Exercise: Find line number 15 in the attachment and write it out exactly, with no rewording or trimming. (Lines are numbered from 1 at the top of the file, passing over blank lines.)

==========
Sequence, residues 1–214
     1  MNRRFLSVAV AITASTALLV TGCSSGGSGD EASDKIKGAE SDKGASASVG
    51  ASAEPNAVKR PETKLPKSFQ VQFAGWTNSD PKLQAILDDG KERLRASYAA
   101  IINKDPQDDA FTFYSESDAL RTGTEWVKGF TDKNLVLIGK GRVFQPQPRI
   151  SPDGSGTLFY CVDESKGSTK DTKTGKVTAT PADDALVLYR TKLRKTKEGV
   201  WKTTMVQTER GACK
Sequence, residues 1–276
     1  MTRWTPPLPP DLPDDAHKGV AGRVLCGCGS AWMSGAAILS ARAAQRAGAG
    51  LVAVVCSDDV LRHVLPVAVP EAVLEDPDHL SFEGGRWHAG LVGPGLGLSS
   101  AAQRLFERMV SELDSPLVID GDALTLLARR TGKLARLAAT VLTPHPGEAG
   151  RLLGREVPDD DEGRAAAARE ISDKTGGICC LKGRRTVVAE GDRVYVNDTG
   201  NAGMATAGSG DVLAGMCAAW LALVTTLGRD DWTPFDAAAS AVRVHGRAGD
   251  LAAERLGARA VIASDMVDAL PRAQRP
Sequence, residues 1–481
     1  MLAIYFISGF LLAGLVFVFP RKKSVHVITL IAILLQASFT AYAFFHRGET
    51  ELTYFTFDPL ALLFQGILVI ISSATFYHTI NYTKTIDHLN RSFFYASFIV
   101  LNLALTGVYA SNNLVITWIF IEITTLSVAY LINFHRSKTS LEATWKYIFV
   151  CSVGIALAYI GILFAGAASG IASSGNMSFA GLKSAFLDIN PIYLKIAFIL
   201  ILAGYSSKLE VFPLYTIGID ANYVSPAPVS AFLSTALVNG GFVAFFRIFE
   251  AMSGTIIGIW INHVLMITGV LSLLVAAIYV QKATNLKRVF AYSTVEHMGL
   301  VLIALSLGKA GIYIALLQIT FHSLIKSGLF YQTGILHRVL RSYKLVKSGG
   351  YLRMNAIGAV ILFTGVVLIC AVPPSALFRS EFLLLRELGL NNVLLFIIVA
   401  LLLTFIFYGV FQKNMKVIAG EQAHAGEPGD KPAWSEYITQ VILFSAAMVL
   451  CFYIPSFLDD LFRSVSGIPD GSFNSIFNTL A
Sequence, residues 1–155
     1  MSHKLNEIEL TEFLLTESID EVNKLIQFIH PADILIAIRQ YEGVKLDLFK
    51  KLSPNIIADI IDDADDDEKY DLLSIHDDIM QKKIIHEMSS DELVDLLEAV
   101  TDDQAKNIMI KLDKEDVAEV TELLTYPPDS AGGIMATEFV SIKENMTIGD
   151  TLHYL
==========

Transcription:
     1  MLAIYFISGF LLAGLVFVFP RKKSVHVITL IAILLQASFT AYAFFHRGET